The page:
Kyrie Irving apologizes to US teachers for spreading flat-earth conspiracy theories

The Earth is round.
The Earth is round.
Image: Greg M. Cooper / USA Today Sports
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Kyrie Irving doesn’t believe the Earth is flat…anymore.

The NBA star has been at the center of a controversy ever since he claimed in a podcast last year that the Earth was not round. As recently as June, he said that the question was still worth debating. But yesterday (Oct. 1), at Forbes’ Under 30 Summit in Boston, the Celtics point guard apologized for spreading the theory, saying he didn’t realize how much his words would influence people.

In an on-stage exchange with Kurt Badenhausen, a senior editor at Forbes, Irving said he regretted spreading that particular conspiracy theory—though he stopped short of actually stating that he believed the Earth was round. Instead, he said, “even if you believe in that [flat-earth theories], just don’t come out and say that stuff. That’s for intimate conversations.”

Irving says he was partially influenced by “the rabbit hole” of YouTube conspiracy videos. That makes him a part of a growing movement of mostly online conspiracy theorists who believe, among other things, that the Earth is flat, and that the US government is lying to everyone about it. The movement is growing in popularity—last November, more than 500 people attended the first-ever Flat Earth Conference in a suburb of Raleigh, North Carolina. The New Yorker’s Alan Burdick profiled this conference in May 2018, writing that these kind of conspiracy theories have thrived in the post-truth era of Donald Trump.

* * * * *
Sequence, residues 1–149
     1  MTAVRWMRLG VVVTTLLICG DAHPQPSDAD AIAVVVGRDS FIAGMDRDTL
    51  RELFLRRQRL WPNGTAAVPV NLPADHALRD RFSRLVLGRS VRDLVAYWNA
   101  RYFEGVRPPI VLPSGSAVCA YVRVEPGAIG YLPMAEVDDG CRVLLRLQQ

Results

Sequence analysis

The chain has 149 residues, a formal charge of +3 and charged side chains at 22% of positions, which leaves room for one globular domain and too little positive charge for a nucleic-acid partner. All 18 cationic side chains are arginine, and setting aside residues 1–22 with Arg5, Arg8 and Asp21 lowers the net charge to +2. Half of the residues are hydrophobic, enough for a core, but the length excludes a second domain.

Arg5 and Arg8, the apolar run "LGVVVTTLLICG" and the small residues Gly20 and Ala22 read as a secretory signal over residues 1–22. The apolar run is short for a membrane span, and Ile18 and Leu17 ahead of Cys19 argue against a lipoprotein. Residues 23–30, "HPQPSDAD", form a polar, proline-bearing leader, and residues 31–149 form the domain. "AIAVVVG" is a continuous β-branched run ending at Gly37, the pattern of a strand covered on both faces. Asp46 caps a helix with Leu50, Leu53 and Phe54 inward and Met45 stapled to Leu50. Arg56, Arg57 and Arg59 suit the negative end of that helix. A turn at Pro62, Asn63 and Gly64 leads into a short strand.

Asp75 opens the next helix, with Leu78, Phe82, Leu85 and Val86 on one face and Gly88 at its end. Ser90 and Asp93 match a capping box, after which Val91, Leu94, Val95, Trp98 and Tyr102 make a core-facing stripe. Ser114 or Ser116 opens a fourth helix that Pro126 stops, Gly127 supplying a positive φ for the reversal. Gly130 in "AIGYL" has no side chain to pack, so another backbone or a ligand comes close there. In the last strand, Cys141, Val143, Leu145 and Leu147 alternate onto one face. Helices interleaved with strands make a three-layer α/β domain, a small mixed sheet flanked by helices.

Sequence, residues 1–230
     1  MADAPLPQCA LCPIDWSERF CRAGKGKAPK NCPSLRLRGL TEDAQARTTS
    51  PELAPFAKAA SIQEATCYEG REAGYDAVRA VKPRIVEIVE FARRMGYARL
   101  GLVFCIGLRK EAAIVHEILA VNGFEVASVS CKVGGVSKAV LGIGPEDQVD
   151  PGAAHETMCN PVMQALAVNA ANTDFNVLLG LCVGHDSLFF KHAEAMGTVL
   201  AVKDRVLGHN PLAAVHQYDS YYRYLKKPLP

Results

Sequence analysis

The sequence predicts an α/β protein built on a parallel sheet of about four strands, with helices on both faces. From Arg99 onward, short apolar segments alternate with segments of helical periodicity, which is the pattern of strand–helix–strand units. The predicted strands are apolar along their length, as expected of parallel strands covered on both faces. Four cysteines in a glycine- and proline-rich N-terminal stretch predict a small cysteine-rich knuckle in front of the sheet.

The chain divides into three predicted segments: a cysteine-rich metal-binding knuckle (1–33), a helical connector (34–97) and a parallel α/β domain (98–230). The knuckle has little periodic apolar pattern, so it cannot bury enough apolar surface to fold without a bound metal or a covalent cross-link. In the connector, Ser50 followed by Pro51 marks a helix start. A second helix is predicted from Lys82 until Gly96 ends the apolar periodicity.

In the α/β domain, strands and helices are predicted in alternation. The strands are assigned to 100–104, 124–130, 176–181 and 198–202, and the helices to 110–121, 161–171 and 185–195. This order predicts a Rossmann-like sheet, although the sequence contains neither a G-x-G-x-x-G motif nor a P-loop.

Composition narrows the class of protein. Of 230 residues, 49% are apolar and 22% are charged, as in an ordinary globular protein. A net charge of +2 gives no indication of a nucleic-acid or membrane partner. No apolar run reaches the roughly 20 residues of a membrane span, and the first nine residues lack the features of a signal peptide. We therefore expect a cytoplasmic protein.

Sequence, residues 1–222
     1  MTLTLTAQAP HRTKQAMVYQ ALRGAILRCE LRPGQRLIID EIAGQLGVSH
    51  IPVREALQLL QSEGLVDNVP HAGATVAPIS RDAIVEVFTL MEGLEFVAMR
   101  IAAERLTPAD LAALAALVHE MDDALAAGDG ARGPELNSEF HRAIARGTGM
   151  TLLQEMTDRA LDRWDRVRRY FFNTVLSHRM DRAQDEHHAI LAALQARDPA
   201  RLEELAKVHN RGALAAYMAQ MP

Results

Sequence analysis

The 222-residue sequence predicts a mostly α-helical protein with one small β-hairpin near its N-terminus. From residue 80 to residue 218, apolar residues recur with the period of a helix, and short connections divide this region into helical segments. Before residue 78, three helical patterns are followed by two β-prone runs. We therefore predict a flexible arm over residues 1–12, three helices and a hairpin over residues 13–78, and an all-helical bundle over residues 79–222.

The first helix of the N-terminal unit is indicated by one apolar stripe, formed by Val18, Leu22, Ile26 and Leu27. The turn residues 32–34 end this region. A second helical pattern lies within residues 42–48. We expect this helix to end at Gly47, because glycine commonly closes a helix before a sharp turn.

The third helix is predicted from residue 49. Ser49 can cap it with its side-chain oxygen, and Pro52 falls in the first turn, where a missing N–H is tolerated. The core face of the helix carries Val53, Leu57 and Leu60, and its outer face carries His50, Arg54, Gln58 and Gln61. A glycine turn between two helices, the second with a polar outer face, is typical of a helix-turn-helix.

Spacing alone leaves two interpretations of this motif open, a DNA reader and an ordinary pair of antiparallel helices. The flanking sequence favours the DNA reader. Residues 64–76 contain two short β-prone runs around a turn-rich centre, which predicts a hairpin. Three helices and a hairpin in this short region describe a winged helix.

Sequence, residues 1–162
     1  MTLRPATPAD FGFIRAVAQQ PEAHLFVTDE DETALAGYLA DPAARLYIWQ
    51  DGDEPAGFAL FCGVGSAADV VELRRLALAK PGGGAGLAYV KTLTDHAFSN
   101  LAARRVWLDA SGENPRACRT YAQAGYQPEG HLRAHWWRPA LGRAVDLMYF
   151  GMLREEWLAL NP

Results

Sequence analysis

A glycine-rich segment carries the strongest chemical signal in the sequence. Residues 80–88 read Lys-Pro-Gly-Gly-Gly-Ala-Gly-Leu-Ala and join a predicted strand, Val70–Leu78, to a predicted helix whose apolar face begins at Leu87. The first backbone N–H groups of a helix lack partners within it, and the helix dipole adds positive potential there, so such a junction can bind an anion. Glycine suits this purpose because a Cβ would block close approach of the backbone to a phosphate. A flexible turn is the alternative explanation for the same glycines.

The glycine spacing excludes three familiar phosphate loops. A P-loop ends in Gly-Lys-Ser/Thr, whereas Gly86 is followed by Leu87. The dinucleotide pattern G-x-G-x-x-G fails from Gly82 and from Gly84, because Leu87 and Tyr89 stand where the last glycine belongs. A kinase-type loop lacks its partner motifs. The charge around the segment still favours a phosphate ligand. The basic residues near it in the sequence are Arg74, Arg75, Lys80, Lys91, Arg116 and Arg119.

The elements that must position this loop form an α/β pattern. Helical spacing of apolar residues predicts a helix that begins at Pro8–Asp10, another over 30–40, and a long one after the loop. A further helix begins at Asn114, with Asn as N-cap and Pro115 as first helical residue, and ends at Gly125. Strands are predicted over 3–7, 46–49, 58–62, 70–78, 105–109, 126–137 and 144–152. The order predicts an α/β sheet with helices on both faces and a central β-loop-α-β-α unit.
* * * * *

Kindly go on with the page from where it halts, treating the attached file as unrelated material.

On stage, Irving said he wished to particularly apologize to science teachers across the US, some of whom, he says, have approached him to say they had to double down on their curriculum, presumably to convince their students that the Earth really was round.

In questioning scientifically proven theories, Irving is making teachers’ jobs more difficult. A 2017 NPR investigation revealed that US teachers feel they are losing the battle against the “fake news” that students find online. One teacher, Nick Gurol, told NPR that his middle-school students believe the Earth is flat because Irving said so. He asked, “How have I failed these kids so badly they think the Earth is flat just because a basketball player says it?”